Love Will Tear Them Apart: Behind the Music of 13 Reasons WhyPhoto courtesy of Netflix Music Features 13 Reasons Why
You might have noticed that there’s a new(ish) binge-watch in town—Netflix’s moving young-adult drama 13 Reasons Why. The show, adapted from Jay Asher’s novel of the same name, explores the life and subsequent suicide of high school student Hannah Baker (Katherine Langford), who leaves behind a series of cassette tapes that outline the reasons why she took her life. One day, the tapes end up in the possession of sweet everyguy Clay Jensen (Dylan Minnette), who had a giant crush on Hannah and may or may not have had something to do with her death.
Part of the show’s appeal, aside from the strong acting and unblinking portrayal of how bitterly nasty high school can be, is its soundtrack, complete with melancholic John Hughes-era throwbacks (“Fascination Street” by The Cure, “The Killing Moon” by Echo and the Bunnymen, “Love Will Tear Us Apart” by Joy Division) and like-minded contemporaries (M83, Chromatics, The Japanese House). Most of the 20th century song selections appear to play up adolescent moodiness, something to which 13 Reasons Why music supervisor Season Kent (The Spectacular Now, Suicide Squad, The Fault in Our Stars) can attest. “There was so much emotion and different things happening with all of the kids,” she tells Paste over the phone. “And the tone was really important to [creator] Brian Yorkey. He had to make sure each scene was playing the right way. The story is unfolding as you watch each of these episodes. You know [Hannah] killed herself, but we don’t know how or who — it’s such a mystery. Some [songs] had to have mystery elements; some had to have dark, gothic elements. In that it’s a very dark show. And lonely. I think a lot of it’s very isolating. A lot of these kids are experiencing that, not just Hannah.”
Indeed, one of the most solitary scenes features Clay coming to terms with his role in Hannah’s death. The character, who until recently we’ve come to know as a deer-in-headlights awkward sort of kid, is at home taking a shower. Suddenly, he breaks down and begins to sob uncontrollably. The scene is set to Elliott Smith rendition of “Thirteen”—a song Kent reveals almost didn’t make the cut. “The song kind of says it all,” she says. “It is that song for the scene. Elliott Smith still speaks to so many people, especially teenagers. I think for boys, too…All of our editors, who are all men, all were really drawn to that song. I think he just speaks to adolescence in a real way.”
Kent also admits that the show was lucky to have even been permitted to use Smith’s track at all. “His estate, which I think is his mom, signs off on his publishing,” she explains. “Because the show is about suicide, we weren’t sure if they were going to allow us to use it. I had Brian write a letter to them about the show explaining what it is and the awareness of suicide. It’s so beyond what happened to Hannah. It’s so much deeper than that.”
Equally moving is a scene featuring a contribution from pastoral-folk luminaries Lord Huron.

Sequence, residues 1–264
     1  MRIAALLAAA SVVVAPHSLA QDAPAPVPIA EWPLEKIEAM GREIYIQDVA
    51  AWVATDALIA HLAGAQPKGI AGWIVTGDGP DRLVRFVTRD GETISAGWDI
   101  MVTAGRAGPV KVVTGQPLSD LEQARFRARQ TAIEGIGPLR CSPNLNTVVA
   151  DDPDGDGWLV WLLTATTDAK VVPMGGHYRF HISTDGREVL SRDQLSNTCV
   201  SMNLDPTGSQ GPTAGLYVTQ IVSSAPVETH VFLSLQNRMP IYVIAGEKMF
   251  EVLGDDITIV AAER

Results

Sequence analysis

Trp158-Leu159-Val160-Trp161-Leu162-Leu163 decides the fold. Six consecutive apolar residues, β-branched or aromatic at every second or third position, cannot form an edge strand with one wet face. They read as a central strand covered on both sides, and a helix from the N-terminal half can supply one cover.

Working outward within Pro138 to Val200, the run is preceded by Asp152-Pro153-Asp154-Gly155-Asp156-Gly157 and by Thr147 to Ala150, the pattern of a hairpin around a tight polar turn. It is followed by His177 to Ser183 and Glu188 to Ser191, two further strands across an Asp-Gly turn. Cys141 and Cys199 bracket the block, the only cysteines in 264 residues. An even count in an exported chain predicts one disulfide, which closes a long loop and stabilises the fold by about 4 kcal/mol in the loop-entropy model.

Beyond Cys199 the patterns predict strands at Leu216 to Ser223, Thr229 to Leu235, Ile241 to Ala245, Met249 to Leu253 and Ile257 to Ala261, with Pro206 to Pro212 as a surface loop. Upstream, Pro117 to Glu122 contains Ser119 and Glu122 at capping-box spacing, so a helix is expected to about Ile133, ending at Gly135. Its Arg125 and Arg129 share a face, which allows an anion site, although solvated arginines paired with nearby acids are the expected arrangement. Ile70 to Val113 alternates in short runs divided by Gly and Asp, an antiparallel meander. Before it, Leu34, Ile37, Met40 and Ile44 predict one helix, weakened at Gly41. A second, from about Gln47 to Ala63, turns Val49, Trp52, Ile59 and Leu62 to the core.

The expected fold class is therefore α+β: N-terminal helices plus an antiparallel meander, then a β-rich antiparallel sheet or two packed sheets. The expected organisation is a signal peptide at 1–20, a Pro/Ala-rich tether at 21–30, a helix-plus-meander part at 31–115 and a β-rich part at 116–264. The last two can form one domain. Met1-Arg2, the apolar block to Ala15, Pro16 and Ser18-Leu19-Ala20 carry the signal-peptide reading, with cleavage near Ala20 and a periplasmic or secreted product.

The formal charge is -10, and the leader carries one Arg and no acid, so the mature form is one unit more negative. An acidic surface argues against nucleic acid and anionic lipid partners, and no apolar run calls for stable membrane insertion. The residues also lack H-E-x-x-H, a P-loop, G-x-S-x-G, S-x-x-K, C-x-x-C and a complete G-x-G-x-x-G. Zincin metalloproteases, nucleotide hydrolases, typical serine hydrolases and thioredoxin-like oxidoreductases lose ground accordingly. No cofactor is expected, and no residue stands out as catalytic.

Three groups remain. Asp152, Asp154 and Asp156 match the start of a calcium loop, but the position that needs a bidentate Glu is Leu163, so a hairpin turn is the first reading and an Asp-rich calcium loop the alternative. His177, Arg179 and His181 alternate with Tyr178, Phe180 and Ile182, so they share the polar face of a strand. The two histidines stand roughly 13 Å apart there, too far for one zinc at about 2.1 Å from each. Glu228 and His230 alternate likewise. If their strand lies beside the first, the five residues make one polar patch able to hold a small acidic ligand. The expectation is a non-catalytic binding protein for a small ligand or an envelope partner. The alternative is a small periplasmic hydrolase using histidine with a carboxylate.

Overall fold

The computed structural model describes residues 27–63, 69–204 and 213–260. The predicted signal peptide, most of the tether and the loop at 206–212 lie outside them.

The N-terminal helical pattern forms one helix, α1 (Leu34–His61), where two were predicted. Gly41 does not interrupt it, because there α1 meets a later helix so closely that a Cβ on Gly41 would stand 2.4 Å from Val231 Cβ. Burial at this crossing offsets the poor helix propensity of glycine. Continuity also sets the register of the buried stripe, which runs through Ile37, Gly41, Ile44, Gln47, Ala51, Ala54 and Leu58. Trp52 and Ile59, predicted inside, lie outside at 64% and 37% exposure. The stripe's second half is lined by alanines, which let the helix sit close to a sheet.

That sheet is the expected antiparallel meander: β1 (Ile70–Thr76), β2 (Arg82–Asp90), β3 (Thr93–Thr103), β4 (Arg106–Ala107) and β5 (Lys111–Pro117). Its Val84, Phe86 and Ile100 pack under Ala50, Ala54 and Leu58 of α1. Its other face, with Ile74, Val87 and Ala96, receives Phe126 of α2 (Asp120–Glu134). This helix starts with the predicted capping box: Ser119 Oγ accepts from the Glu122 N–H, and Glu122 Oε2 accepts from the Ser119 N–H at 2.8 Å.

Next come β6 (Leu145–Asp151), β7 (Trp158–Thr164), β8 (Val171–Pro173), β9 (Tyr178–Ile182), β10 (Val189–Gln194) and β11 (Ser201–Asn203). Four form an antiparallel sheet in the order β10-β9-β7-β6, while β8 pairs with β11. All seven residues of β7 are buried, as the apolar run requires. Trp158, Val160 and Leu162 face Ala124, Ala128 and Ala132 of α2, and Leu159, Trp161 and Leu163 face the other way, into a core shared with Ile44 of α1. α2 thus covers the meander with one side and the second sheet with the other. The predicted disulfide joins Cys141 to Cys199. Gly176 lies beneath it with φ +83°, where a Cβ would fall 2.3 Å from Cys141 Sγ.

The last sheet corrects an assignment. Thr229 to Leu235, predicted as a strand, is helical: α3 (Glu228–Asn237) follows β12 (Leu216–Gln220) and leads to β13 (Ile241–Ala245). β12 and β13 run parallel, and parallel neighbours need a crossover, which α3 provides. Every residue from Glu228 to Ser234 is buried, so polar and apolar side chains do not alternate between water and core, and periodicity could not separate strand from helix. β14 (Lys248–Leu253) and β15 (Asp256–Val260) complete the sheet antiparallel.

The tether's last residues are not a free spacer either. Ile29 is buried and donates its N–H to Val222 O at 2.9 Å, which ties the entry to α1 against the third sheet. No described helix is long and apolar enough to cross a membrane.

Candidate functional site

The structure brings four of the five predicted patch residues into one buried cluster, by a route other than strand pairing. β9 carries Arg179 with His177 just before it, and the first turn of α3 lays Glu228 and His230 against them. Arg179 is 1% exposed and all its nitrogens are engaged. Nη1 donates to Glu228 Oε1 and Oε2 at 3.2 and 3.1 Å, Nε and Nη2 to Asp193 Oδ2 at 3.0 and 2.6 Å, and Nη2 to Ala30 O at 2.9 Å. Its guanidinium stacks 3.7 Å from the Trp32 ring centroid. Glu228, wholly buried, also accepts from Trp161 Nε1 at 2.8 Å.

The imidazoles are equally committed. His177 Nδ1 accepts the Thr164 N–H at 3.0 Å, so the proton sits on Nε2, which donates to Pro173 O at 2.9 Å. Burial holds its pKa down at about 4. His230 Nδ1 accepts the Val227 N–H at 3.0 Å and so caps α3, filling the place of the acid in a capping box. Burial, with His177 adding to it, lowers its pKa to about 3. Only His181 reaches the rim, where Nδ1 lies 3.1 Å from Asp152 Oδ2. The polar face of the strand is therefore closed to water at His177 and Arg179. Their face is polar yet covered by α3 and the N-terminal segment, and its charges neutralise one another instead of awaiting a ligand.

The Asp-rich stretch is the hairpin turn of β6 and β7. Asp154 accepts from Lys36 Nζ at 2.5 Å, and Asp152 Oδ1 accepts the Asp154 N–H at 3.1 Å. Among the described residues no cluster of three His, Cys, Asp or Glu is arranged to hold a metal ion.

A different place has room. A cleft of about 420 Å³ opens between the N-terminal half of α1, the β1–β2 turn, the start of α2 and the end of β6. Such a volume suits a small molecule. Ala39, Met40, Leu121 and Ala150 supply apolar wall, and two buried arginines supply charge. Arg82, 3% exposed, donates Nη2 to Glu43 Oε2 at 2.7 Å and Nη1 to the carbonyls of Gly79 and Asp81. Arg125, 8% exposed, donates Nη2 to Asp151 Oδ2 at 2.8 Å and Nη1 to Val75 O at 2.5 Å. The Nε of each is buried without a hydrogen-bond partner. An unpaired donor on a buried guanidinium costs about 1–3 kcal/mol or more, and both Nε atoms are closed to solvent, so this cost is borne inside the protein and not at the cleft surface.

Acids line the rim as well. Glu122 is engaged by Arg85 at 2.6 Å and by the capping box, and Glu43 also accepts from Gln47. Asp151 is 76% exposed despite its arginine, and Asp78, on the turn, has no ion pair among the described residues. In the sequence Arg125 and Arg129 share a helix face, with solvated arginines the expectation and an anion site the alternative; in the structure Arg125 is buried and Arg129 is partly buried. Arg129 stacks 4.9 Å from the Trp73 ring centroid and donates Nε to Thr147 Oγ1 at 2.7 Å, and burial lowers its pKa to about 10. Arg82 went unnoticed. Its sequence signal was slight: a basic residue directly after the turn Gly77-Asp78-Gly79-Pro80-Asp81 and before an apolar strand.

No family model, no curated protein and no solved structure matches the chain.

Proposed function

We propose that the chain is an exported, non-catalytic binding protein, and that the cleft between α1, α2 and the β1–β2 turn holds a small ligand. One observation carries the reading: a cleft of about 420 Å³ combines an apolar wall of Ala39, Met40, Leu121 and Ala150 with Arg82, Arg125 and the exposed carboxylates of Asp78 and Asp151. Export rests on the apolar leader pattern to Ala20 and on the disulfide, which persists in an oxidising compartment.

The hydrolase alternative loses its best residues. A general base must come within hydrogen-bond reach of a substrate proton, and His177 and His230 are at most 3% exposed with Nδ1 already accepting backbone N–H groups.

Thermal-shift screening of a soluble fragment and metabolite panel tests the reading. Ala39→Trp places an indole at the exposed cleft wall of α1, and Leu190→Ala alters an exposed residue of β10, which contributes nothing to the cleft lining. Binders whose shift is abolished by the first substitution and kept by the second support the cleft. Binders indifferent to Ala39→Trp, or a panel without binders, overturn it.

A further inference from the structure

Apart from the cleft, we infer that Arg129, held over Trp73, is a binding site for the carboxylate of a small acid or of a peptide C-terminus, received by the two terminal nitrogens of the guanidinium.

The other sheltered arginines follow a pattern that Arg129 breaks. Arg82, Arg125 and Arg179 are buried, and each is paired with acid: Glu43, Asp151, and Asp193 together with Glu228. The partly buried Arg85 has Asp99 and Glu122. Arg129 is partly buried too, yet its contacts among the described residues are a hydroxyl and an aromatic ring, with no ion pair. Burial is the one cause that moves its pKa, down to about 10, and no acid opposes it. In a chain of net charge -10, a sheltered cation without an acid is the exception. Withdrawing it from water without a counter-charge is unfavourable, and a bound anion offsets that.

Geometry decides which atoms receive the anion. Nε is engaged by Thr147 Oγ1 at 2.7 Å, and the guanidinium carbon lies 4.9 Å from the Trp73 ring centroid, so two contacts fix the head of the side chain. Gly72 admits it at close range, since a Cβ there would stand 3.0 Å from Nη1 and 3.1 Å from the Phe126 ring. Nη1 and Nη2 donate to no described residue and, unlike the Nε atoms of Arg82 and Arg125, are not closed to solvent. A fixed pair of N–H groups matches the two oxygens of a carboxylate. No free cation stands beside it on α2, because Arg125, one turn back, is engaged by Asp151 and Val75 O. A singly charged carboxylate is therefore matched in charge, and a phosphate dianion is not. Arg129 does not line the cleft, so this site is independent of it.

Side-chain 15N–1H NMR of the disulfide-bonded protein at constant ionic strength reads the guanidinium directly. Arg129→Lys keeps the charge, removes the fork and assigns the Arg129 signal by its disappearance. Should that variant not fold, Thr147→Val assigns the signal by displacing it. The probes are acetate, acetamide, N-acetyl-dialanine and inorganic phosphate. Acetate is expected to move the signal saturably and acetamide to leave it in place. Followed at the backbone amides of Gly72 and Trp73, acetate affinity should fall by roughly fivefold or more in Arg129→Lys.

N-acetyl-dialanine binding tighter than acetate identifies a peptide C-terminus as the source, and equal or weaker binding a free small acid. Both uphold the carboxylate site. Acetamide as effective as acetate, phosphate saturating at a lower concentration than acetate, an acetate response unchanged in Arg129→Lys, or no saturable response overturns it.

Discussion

The episode revisits the moment in which Clay and Hannah slow-dance at the winter formal, playing out differently according to what he wishes would have happened (that he’d been suave enough to spin her around on the dance floor and kiss her) and what actually happened (she abruptly pulls away to deal with a cruel rumor gone awry). Haunted by what could have been, Clay’s mind yanks him away from the tender image of the two dancing and instead shows him a bleeding Hannah on the gymnasium floor as the school watches a basketball game. Lord Huron’s “The Night We Met” (which is now at No. 1 on their Spotify page with more than 20,000,000 streams) soundtracks. “It was a song that felt like it would play at a dance,” Kent says. “Initially we had the thought of Mazzy Star, or something like that, but then we went more contemporary. It needed to have dual meaning. And that song was really interesting because in the beginning of the episode, it’s very sweet. Clay wants to get a copy of the song, and then it turns really dark when he’s having his hallucination, when he sees her during the basketball game and there’s blood all over her. I love how that song has this arc in the episode. It’s very sweet, and then it’s very haunting.”
As successful as 13 Reasons Why has been (according to Fizziology, a research firm that analyzes social-media data, there were more tweets about 13 Reasons Why the week after its premiere than there were about any other Netflix show), its graphic suicide scene depicting Hannah slitting her wrists in a bathtub has stirred up controversy, with mental-health professionals, including the American Foundation for Suicide Prevention accusing the show of glamorizing suicide. Like Yorkey, Kent firmly stands behind the scene in question. “They wanted as real as possible,” she says. “From what Brian told me, it was really important to him — he wanted kids to really see it. I feel like if you didn’t go there, [audiences] would be like, ‘Why didn’t you go there?’ I’ve worked on so many [shows and movies] about teens and high school — the thing I loved so much about this is that it was really real. This is how high school kids act. This is how they talk. This is what they’re doing to each other. How mean they are. This is the music they’re listening to. All those things. I applaud [the show] for going there.”